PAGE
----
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Put all your eggs in one basket, and watch that basket!

April 20, 2011

Rusyn Pysanky

Faith Versus Evidence: Is Easter True?

This week millions of Christians all over the world will be commemorating the death and subsequent resurrection of Jesus Christ, in a holiday season known as Easter. In Europe, Africa and Asia for example, commercial activities and several other significant sectors of the economy will be shut down to enable citizens to travel to their hometowns to join with family members, and to reflect on and relive these events which are indeed the founding pillars of the Christian religion itself. Easter therefore, arguably, represents the most important and defining events of the Christian faith. In Ghana for example Easter is one of those times when families mobilize resources to treat themselves to rich nutritious food like chicken, which otherwise is beyond their means to be eaten on a regular basis. However some issues concerning this important celebration remain unclear and unaddressed as of the present time. The purpose of this essay is to review some of these questions and see how they stack up against the prevailing known evidence.

Image Credit: Instructables.com 

Naturally the first place to look for the evidence of Easter would be the Bible itself as the Easter events are the most important narrative of the Christian faith. But sadly the word Easter is nowhere be to be found in the Bible. Not even once is it mentioned, let alone are adherents asked to celebrate it every year. So how is this? How come Easter does not appear in any of the 66 books of the Bible? Even after Jesus ascended back to heaven, the early Christians from Acts to Revelations would have been expected to have some celebration of this event even if it was not explicitly called Easter, but no such thing occurred. Why? Then what is Easter and what does it mean? Where did the word Easter come from? And the current celebrations we know, such as Good Friday, Easter Monday, Easter eggs, and the Easter bunny. Where did they come from?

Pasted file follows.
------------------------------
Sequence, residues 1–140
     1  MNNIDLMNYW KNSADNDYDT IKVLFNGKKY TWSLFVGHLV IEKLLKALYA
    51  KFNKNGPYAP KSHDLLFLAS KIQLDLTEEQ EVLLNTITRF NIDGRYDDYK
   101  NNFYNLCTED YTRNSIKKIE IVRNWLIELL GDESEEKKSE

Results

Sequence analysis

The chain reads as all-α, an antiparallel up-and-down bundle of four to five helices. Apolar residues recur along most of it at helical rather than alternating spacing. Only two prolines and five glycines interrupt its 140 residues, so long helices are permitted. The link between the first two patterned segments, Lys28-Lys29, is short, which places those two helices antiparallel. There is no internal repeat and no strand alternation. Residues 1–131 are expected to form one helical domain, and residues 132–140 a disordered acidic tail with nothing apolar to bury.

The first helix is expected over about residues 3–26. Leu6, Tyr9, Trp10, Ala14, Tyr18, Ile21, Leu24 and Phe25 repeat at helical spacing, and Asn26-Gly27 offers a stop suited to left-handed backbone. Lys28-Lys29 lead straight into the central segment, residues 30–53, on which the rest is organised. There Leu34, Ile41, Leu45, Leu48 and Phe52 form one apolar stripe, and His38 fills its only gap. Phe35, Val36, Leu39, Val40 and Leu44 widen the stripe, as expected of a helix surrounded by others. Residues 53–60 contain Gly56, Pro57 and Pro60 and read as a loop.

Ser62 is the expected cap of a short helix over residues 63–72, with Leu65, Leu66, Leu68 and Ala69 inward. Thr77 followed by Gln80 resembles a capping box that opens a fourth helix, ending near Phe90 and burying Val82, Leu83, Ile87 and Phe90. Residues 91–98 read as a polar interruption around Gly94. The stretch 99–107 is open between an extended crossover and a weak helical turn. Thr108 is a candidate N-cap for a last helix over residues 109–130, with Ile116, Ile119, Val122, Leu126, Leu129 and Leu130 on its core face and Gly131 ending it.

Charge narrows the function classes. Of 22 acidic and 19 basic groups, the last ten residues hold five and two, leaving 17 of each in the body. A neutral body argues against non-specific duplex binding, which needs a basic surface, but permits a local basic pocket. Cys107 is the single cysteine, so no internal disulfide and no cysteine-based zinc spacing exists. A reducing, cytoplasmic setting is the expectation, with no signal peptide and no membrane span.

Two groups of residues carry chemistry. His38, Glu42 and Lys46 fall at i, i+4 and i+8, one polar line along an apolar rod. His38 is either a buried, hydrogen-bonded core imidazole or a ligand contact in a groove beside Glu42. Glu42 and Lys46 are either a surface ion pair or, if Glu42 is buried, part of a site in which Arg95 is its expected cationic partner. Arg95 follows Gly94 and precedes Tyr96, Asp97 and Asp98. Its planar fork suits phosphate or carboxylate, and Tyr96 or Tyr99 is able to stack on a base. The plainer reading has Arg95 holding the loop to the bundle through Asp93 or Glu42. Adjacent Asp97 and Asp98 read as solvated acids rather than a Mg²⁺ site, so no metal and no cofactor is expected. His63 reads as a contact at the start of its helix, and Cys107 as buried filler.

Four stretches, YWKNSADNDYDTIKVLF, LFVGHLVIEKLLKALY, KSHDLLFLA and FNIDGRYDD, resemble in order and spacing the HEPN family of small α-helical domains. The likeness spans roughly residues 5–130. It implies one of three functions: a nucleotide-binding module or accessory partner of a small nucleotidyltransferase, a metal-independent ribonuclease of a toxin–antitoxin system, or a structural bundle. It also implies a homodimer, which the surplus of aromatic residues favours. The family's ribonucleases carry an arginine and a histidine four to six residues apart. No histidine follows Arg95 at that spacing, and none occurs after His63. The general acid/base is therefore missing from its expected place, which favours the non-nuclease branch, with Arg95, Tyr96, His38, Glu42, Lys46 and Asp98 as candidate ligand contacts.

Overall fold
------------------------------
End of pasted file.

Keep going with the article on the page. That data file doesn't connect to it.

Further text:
The ancient Babylonians celebrated an annual feast in the third week of March to celebrate the equinox and to officially declare the end of winter and the time from which every year the daylight hours become longer than the darkness hours. They associated this triumph of light over darkness, as well as the fact that more daylight and warmer temperatures meant rejuvenation of life or resurrection after a long cold and winter during which time food was scarce and hard to come by. Due to the blossoming of new flowers and plants regaining their green foliage as well animals coming out from hibernation many beginning their mating season, the ancient Babylonians associated this event with the rebirth and fertility. The Babylonian goddess of fertility was called Ishtar. This is the origin of the word Easter.

At some later data the ancient Romans who also had a similar festival of their own, conquered the entire region and some of these customs were incorporated into the ancient Roman religion. As we all know the Romans later conquered the whole Europe and swaths of Asia. Among their vassal states were ancient tribes that became the ancestors of the Germans. The Germanic tribes had a similar festival of their own where they honored a fertility goddess named Eostur. This goddess was symbolized by a rabbit. The rabbit was always portrayed as standing beside a brood of eggs ready to hatch and continue the cycle of life all afresh. The month in which the goddess Eostur was honored was called Eostur-monath and is equivalent to April in our current modern calendar invented by Julius Caesar. This is the origin of the so called Easter bunny and Easter eggs. It is interesting to note that it was German immigrants to Pennsylvania in the 18th century who introduced this tradition in what became the United States of America. The Germanic traditions also became merged into the Roman religion.

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Yeah….yeah…yeah.  Same old argument covering well-traveled dusty old ground. If you want to read the rest of this diatribe at GhanaWeb click here.

Easter in Australia is all counting bodies ~ Don’t be a bunny on the roads ~ the annual Easter Road Toll.  It’s a Red Chestnut kinda buzz, ya know?  All that fear coming down mixed with chocolate…..

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2 comments

  1. Love all the photos of pysanky! My Rare One is a pysanky artist and I’ve made a few in my time too.


  2. Learning how to make pysanky is in my Bucket List.



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